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Concerning Original Sin – part 10
Lessons in the Lutheran Confessions

Matthew 6:25–33

From the Confessions: The Defense of the Augsburg Confession

Concerning Original Sin 

Therefore, we have correctly expressed both defects in our description of original sin: not being able to believe, fear, and love God, and concupiscence, which seeks carnal things contrary to God's Word. That is, it seeks not only the pleasure of the body, but also carnal wisdom and righteousness, trusting in these as good things while despising God.

Not only the ancient theologians, but also the more recent ones—at least the wiser ones among them— teach the same thing about original sin, namely, these defects that I have listed and concupiscence. Aquinas writes, “Original sin is the loss of original righteousness, and with this an inordinate disposition of the parts of the soul. Therefore it is not pure loss, but a corrupted temperament.” Bonaventure says: “When the question is asked, 'What is original sin?' the correct answer is that it is unchecked concupiscence. The correct answer is also that it is want of the necessary righteousness. In either of these answers, the other is included.” Hugo has the same opinion, saying that original sin is ignorance in the mind and concupiscence in the flesh. He indicates that when we are born, we have an ignorance of God—unbelief, distrust, contempt, and hatred of God. When he mentions ignorance, he includes all of these.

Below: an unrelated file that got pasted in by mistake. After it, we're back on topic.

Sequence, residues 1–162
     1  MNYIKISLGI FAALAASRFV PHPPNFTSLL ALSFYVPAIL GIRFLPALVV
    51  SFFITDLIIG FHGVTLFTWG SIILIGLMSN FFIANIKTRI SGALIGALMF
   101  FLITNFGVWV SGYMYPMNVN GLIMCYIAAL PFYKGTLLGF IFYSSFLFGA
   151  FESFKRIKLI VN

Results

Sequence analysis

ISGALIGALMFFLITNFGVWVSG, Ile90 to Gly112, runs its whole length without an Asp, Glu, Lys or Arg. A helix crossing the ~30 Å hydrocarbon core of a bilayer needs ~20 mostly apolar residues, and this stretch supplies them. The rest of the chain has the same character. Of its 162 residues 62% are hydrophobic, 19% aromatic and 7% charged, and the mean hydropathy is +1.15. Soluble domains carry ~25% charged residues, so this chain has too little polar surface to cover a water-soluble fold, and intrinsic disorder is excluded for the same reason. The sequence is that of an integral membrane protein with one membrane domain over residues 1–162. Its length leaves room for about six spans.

Pulling It Together: Original sin is the inability to seek God and his righteousness. What we are left with is the inordinate ability to seek after the things of the flesh. We are naturally anxious about having the basic things of life, and having them in plenty. God wants these things for us too, and he provides them. But because it is in our nature to not trust God, we scramble after these lesser things. Instead of trusting God for our basic needs, they become excessive desires that rule our time and energies.

Being so ruled, we believe ourselves to be the providers of all good things. Why should our powers be relegated to food and drink, to clothing and shelter? Surely, the sin of origin whispers, you can also create great wisdom to guide your lives, and a moral code that is as good or even better than having a god. This is nothing more than the love of self and the hatred of God. Our depravity does more than ask, “Who needs God?” We insist.

Yet, God comes to us when we are in this state. While we were buried in our self-centered sin, Jesus died for us (Rom 5:8). The Spirit of Christ speaks to this condition, showing us that we are dead in our sins and transgressions (Eph 2:1). He calls us beyond the deadly ignorance that has fooled us into believing that we provide for our lives. He demands that we live under God's rule and righteousness, trusting him instead of ourselves, not only for these lesser things but also for righteousness and salvation. 

Prayer: Help me to trust in you, Good Shepherd, to guide me to all good and needful things. Amen. 

The Wise & The Foolish is a nine-session Bible study that focuses on Jesus' "people parables" — or what might be described as discipleship parables. These are the character stories that focus on the nature of discipleship and what it means to be a wise and faithful follower of Jesus.

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